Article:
Grow Grow Grow Your Boat – Weekly Photo Challenge: Saturated and Sunday Stills: Birds
Entirely unaware of the fledgling great blue heron beside the boat garden, stalking him with increasing speed, the yearling heron plied the shoreline. Perhaps it was his curiosity about the fire pit in front of the Adirondack chairs that led him to put his guard down?
A favorite location for photographing herons is the sunken boat garden shown in this photo. Each year, the property owners plant something different. One year the boat contained tubs of cherry tomatoes that looked delectable when fully ripe, the bright red of the fruit promising sweetness.
To the south of the boat garden are two hammocks suspended out over the water that look so inviting on sweltering August afternoons. Next door is a tableau of Aridondack chairs gathered near a fire pit, and I can imagine lounging in a hammock while dinner sizzling nearby teases my senses.
Each year, it’s a treat to explore that area of the lake to see what has been planted, and to try for heron photos with the boat garden. Photographing them there is tricky for a couple of reasons. The angle of the sun is good for only a short while each day; it’s in the shadows in the morning and for much of the afternoon the light is too bright and harsh. Even when the light is good, of course there’s no guarantee that there will be any herons plying that section of the cove.
On this day, I was somewhat in luck – there was a yearling great blue heron foraging along the shore to the north of the boat garden. Most great blues follow a consistent direction when fishing along the shore. Just like “mall walkers” who get their exercise by walking a circuit around a mall before the shops open, herons generally pick a direction and follow that direction. That day, it was looking good because the yearling was heading down the shore in the direction of the boat garden.
I settled the kayak into a secluded spot and set up to photograph the heron when it neared the boat garden. And then I waited.
Sometimes no matter how well a photographer plans, the model has others ideas, and this was one of those times. The heron lazily worked his way up to the boat and just when I was ready for shots of the heron moving along in front of the boat, it ducked behind the stern, instead, and proceeded south, obscured by the towering gladiolus in the boat!
All was not lost, I thought to myself, maybe the heron would do something photogenic by the hammocks or the Adirondack chairs and fire pit while the light was still good. I shifted my focus in that direction and waited for the heron to catch up.
It was looking promising for some photos with the chairs, and I had started firing off a few when I heard a slight rustle overhead. I looked up and saw a fledgling great blue heron perching on a limb directly over the beach where the other heron was curiously investigating the fire pit.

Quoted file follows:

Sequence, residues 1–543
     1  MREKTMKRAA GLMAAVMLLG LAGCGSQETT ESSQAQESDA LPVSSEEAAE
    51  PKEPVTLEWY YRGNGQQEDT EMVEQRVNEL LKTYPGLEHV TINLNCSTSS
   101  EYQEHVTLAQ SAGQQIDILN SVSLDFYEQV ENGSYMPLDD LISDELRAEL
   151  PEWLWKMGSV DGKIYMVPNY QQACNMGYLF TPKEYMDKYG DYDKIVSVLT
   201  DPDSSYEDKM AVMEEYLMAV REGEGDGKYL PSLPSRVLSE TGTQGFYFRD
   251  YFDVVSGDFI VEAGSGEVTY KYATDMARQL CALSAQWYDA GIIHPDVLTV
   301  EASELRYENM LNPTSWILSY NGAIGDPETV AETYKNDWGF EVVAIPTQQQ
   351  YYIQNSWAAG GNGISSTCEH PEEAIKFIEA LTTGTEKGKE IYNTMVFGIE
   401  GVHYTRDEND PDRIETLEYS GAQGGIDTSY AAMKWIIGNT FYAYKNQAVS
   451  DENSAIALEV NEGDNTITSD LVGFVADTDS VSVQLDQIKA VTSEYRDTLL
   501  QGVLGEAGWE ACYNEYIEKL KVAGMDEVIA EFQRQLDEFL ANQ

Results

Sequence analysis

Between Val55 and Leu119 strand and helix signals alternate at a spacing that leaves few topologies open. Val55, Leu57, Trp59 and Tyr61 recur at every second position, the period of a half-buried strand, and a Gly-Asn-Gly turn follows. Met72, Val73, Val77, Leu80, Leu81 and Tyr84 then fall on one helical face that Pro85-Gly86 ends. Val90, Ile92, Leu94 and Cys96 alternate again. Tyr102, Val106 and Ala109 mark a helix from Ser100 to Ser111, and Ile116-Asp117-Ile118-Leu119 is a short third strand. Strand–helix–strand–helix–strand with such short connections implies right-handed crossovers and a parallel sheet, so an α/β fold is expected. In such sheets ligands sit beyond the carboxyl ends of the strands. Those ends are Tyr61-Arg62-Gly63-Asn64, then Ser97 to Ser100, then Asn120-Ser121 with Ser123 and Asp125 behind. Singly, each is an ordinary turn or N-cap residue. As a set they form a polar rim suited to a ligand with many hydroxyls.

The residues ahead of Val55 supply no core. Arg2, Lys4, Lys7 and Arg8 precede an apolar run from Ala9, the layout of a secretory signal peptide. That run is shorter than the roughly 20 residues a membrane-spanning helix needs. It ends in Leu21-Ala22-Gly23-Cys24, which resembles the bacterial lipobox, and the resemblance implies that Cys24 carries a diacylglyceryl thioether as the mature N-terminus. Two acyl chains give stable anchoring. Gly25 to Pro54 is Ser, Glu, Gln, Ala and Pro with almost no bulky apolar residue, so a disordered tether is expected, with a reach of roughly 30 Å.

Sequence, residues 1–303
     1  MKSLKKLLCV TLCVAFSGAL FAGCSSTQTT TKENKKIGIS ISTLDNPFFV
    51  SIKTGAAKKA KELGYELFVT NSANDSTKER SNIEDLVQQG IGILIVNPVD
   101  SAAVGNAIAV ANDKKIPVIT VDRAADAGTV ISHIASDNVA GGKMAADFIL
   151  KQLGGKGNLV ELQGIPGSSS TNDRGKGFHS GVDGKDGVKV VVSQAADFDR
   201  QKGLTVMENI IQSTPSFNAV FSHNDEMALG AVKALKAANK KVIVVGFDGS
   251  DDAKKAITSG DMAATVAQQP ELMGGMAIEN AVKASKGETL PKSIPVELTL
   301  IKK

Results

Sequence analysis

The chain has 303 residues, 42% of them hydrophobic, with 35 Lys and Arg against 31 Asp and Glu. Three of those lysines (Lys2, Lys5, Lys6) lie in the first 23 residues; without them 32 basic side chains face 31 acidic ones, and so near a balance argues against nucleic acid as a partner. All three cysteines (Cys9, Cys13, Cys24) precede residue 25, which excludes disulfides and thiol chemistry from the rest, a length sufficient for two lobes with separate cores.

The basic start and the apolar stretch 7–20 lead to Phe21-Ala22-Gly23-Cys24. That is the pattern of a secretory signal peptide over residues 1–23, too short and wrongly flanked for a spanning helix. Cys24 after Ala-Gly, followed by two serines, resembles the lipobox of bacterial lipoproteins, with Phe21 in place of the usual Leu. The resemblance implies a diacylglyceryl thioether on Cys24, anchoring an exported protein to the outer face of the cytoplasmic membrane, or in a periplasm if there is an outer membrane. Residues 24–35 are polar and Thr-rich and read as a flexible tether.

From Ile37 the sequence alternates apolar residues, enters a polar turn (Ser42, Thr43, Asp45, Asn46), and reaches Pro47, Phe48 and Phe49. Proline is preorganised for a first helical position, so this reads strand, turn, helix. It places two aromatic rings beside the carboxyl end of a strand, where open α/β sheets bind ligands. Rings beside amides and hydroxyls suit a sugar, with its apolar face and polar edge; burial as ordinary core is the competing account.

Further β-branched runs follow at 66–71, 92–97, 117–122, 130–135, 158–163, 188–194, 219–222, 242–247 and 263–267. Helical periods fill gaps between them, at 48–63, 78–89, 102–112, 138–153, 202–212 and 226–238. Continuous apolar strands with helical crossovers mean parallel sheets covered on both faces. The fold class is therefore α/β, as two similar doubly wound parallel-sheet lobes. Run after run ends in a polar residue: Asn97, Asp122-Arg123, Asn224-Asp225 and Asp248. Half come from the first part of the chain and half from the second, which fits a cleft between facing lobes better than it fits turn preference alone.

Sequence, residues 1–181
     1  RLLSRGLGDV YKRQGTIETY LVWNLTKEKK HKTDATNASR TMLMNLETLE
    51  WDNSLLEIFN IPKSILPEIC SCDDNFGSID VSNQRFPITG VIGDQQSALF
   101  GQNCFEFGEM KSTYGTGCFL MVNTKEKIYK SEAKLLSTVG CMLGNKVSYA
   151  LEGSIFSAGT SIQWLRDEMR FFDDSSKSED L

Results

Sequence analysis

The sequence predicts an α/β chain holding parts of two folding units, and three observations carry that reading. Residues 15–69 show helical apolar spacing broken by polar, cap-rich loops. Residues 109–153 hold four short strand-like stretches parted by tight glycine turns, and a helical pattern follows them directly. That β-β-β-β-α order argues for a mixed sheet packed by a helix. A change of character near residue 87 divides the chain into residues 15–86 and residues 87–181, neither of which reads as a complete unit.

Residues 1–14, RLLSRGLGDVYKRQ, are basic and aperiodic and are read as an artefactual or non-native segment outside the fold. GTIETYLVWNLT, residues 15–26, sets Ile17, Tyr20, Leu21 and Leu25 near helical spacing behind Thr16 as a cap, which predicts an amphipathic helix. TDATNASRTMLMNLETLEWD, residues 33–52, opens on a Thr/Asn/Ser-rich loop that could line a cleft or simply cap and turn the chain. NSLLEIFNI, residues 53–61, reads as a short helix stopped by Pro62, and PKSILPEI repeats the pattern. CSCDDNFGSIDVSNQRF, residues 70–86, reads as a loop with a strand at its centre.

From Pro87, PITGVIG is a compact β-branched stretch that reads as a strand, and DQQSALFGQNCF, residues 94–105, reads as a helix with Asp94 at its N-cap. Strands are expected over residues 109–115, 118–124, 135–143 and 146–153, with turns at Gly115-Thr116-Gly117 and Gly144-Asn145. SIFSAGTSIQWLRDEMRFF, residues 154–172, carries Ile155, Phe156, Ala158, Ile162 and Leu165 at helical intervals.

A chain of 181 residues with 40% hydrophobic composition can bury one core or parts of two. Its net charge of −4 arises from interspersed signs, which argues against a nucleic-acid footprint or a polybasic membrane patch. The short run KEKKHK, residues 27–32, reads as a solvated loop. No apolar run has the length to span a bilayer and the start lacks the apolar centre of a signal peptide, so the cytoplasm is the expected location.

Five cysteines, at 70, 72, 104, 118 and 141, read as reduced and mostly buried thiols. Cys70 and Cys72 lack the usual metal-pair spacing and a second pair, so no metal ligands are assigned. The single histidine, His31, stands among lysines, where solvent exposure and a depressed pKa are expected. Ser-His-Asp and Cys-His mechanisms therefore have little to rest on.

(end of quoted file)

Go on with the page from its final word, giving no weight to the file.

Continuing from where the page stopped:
The fledgling swooped out of the canopy and landed just to the north of the boat garden and suddenly took on a territorial posture. I have blogged here in the past about fledgling herons in the nest playfully practicng various displays (click here and here) but this was the first time I had seen a fledgling put a genuine territorial display to use against an older, larger heron in a shoreline situation.
Back feathers erect, such as they were at this point in the fledgling’s development, the fledgling strutted down the shore towards the yearling, who was engrossed with the fire pit. A few moments after the photo shown above, though, the older heron caught sight of the aggressive fledgling bearing down on him and burst from the sand out over the water, heading southwest.
The fledgling, having proved his mettle and securing both the beach and his status as an alpha bird, relaxed his pose and spent several minutes exploring the boat garden before eventually flying off to the north.
What a thrilling experience that day, to see a very young great blue heron assert dominance over an older and larger heron.
Thanks to Michelle W. and WordPress for the Weekly Photo Challenge: Saturated.
Thanks also to Ed Prescott for the Sunday Stills: Birds prompt.
The topic for the Weekly Photo Challenge this week is “saturated.” The photo included in this post is one of the most saturated of my heron photos, which are generally more muted due to the coloration of the birds.
(This took place September 17, 2011)
© 2013 Babsje. (https://babsjeheron.wordpress.com)
Posted on September 30, 2013, in ardea herodias, Bird photography, Birds, daily prompt, Fledgling heron, Great Blue Heron, Nature Photography, Photography challenge, postaday, Sunday Stills, Weekly Photo Challenge, Wildlife Photography and tagged ardea herodias, great blue heron, heron, postaday. Bookmark the permalink. 19 Comments.